Friday, October 10, 2008

Ragweed, Part 2 (Plants That Make Us Sneeze)

On September 22nd I published a post from the table in our Rotary Hotel room in Houston. I didn't have my iPhoto Library there and so didn't have many of the photographs I had taken for the post, so here they are in PART 2. I also took a few this morning which are included.

The outstanding characteristic of the Ragweed group of plants is that their flowers don't look like flowers as we usually think of them. The flowers that stand out have colorful petals in many interesting shapes, and some yellow pollen on stalks in the center, along with the female part which is called the pistil, which is made up of a stigma, at the top, and a style, which is a slender stalk which connects to the ovary, where the seeds will develop. The male and female flowers of ragweed are seperate and different looking but on the same plant.

I'm including some pictures of the plants in the field.

Narrowleaf Sumpweed (Iva angustifolia) is often so thick that from a distance it looks like a grass. As a matter of fact I've had people point to it and say, "Wow, you still have green grass growing."

Here at the Chiroptorium there is little growing in this picture besides Sumpweed.

This photograph was taken on the seat of our truck when it was freshly picked. You can see the male flower parts hanging down in this one, but in the scan (see September 22nd post of this Blog about ragweeds) of sumpweed the flowers are not yet open.

This photo which is a close-up of the plant in the field, you can see the male flowers clearly.

Western Ragweed (Ambrosia psiiilostachya) is not a large plant (1 to 2.5 feet tall). In this photo you can see Frog Fruit in the foregound, close to the ground. Behind it are grasses. The male flower heads are on the spike at the top of the plant. The female flowers are below the stalk in the axils of leaves.

The male flowers of this Western Ragweed plant have green caps and the flowers hang below, thus allowing the pollen to fall down and pollinate the female flowers below, or be caught in the wind and blow to other plants.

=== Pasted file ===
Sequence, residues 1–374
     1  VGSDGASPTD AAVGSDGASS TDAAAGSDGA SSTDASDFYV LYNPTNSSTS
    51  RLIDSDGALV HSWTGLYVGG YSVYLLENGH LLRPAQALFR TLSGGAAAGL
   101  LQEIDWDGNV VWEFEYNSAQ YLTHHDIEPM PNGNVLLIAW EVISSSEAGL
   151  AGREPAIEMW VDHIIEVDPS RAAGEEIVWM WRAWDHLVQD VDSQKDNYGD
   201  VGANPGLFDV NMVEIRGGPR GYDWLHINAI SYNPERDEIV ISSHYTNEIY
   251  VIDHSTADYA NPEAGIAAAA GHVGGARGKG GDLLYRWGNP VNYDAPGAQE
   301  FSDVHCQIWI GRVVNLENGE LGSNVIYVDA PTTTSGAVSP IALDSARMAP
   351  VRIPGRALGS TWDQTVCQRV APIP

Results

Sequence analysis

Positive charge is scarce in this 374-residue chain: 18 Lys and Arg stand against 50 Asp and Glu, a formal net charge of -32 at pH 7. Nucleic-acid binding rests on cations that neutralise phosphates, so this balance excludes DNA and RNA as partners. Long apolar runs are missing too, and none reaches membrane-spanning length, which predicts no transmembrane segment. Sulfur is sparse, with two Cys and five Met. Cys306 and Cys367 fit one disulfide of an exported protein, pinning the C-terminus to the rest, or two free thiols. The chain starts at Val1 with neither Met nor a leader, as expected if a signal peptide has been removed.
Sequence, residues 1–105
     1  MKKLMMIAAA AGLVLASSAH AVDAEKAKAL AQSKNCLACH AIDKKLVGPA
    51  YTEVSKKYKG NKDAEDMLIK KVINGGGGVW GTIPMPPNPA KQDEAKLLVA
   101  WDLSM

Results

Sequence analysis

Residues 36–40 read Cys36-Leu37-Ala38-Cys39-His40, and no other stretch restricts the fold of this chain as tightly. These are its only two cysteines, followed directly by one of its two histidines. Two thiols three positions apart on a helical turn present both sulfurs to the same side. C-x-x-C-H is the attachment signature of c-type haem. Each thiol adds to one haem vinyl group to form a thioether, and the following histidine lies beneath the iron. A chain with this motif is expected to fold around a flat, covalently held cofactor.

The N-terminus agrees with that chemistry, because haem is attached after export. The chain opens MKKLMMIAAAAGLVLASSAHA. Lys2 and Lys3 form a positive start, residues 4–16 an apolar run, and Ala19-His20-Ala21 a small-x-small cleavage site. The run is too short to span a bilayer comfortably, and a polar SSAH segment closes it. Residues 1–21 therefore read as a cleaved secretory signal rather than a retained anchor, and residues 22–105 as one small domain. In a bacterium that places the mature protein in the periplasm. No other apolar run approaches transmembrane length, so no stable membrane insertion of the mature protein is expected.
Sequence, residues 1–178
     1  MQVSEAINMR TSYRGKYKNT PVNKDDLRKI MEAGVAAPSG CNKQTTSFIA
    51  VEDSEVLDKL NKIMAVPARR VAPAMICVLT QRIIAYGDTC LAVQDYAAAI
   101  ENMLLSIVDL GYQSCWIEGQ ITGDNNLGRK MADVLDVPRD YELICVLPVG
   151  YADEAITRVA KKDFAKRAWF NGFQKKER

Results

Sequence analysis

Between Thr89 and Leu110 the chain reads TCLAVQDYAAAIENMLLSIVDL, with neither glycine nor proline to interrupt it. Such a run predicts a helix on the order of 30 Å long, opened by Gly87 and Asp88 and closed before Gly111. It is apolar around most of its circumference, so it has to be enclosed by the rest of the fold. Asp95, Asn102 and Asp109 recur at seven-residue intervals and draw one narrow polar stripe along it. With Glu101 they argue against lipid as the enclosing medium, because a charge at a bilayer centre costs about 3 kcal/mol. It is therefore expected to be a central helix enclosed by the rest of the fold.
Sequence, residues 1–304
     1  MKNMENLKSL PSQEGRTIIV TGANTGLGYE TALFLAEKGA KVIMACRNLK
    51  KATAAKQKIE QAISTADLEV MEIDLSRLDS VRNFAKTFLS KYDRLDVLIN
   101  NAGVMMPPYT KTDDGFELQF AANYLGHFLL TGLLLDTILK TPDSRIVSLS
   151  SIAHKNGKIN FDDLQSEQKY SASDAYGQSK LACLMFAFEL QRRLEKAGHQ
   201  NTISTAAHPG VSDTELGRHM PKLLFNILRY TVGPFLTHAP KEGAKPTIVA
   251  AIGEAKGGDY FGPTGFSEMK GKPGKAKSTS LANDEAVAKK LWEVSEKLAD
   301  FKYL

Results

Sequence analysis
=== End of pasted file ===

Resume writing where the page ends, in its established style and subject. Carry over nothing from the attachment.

Giant Ragweed (Ambrosia trifida) can be huge, and I have seen it in wet years reach more than 9 feet tall. In wet soils in creek beds, it can become a jungle. In a reference book I have, "Illustrated Flora of North Central Texas" it says that Giant Ragweed can be up to 5 meters tall (15+ feet). This year it was only 5.5 feet tall here at the ranch.

If you look at this leaf enlarged (just click on the photo) you can see yellow pollen on the surface of the leaf along the main vein in the center of each lobe. Giant Ragweed's specific name "trifida" comes from the 3 large lobes on most leaves. The Genus name "Ambrosia" is from ancient mythology and is known as a delicious tasting food of the Gods which gives them immortality. It is hard to imagine that Ragweed would be considered tasty enough to qualify as food of the gods. However, it probably refers to its tenacity as a kind of immortality for the plant. That would certainly make sense to anyone who has tried to get rid of it.

The male flowers can be so full of pollen that it falls off with the slightest breeze and the official pollen count on the evening news is up in the HIGH category.

The female flowers are greenish and look quite different than the male yellowish flowers full of pollen under their green cap. This scan has male flowers at the top half, and female flowers in the bottom half. This is a Western Ragweed plant.

Here are 5 seeds from a Western Ragweed plant. I haven't looked at enough of them to say if these are characteristic of members of the Ambrosia genus.

As the cool fronts from up north come to Texas during the fall, the amount of Ragweed pollen in the air drops and we suffer less from allergies to it. Enjoy the cool clean air while you can, because in a few months we'll have cedar pollen to sneeze to. Aaachooo!

Photos and scans are by Margaret Bamberger during September and early October.

1 comment:

Charles said...

Margaret,
Thank you for the continuing education. I recall in my youth in Oklahoma when we did a lot of quail hunting, the quail relished feeding on ragweed seed. Many times their craw (sp?) would be packed full of these seeds (black as I recall). So the ragweed was a very valuable plant for wildlife food, especially quail, meadowlarks, etc. Thanks for the up close and personal photos.